Jinxed

Jinxed was written by Thommy Hutson and first published in 2018. It is a horror story which focuses on a teenager and her friends as they are hunted by a masked serial killer. The novel stands alone, so you don’t have to read any of the author’s other work to full appreciate it.

The Trask Academy is one of America’s wealthiest and exclusive art schools. Teenagers who attend there are ear-marked to become the celebrities and Broadway stars of the future, and the best of them can expect to be scouted at the school’s annual showcase. Layna is disappointed when she loses out to her friend Sydney, but totally understands why. Sydney is stunning and talented, while Layna is at the school on a scholarship. However, she receives her chance a few days later after a tragic turn of events.

Sydney is found dead, apparently having thrown herself from the window of her dorm. Although the school is keen to write this off as an isolated incident, Layna and her friends can’t quite shake off their doubts. Sydney showed no sign of being unstable and was really looking forward to the showcase. It’s not long before their fears are justified when another of Layna’s friends mysteriously vanishes from the library.

The group soon discovers that they are completely isolated as the school is on a remote island and the phone lines are down. As a killer in a theatre mask stalks the halls, Layna comes to learn that he has some connection to both her and an unperformed play written by a former student. However, as the killer continues to strike those close to her, she realises that she must find out what that connection is and unmask him before the curtain falls on her forever…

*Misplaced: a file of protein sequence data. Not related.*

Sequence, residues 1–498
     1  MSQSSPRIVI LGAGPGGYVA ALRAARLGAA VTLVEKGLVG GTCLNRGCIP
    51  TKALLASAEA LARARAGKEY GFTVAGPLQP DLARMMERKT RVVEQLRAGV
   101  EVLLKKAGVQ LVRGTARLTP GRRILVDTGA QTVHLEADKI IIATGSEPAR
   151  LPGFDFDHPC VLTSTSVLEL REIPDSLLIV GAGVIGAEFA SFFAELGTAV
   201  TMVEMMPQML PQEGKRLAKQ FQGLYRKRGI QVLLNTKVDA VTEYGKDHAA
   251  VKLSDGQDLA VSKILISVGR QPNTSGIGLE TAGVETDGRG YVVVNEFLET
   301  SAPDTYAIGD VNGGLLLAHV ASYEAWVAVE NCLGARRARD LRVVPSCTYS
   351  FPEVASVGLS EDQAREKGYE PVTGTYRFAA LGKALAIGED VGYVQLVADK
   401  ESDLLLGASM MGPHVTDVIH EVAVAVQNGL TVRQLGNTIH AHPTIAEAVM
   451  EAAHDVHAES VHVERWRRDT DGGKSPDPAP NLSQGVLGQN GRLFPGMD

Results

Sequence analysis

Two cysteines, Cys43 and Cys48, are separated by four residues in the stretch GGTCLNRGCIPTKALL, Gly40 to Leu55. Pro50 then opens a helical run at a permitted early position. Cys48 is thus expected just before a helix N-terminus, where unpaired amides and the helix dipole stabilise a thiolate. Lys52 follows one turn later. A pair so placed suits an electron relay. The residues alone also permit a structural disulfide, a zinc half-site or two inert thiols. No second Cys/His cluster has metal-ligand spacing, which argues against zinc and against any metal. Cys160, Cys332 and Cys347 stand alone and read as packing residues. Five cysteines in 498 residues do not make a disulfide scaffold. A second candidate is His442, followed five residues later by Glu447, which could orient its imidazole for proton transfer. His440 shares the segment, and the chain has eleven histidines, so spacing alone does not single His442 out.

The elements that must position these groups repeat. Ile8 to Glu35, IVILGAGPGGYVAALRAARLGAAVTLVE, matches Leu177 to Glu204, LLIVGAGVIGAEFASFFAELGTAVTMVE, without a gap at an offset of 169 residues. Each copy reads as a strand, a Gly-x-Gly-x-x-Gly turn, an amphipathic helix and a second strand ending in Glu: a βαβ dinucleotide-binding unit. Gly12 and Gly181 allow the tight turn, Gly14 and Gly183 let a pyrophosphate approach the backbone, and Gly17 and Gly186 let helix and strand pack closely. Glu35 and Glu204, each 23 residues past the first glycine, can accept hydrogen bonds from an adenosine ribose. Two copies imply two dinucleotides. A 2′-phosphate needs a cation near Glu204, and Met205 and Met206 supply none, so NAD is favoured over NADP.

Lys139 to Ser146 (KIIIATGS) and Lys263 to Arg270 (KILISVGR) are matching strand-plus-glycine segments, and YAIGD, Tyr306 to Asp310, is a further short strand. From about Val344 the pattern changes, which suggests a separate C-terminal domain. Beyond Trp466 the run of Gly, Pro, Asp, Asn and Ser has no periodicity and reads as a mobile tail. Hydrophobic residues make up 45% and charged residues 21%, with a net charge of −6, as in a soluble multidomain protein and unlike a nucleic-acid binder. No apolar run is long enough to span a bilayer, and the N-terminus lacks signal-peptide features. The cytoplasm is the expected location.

I need to start this review with my traditional words of warning. Jinxed is incredibly violent and personally, I felt that the level of gore in this story was excessive for a young adult novel. From the very first chapter all of the murders are described graphically, presenting each prolonged death to its most minute detail. This is certainly not a novel for very young or sensitive readers, and adults may want to have a flip through to determine if they think it’s suitable before gifting it to anyone under the age of sixteen.

I chose to read this novel because 1980s slasher films are a bit of a guilty pleasure of mine. They’re predictable, cheesy and completely over-the-top, but there’s just something that I find really quite fun with the likes of The Nightmare on Elm Street, Halloween and Friday the 13th. While I was curious to see how this concept would transfer into novel format, I unfortunately found that it was not really that effective. Personally, I think that this boils down to the fact that novels are not frightening in the same way that films are.

Horror movies really boil down to three sorts of scares – gore, jump and dread. For novels, the only one that really gets under a reader’s skin in the latter. Gore and torture can read make the reader feel uncomfortable, but an author really needs to make them worry about what could happen through building a sense of dread if they want to make the reader feel afraid for the characters. Unfortunately, Jinxed really likes jump scares, which are something that don’t work at all on page. The killer in this novel has a habit of just popping up behind people. Where does he come from? How does he move so silently? These are things that you just roll with in a slasher film but are problematic in writing. They’re not scary, they’re just a bit weird.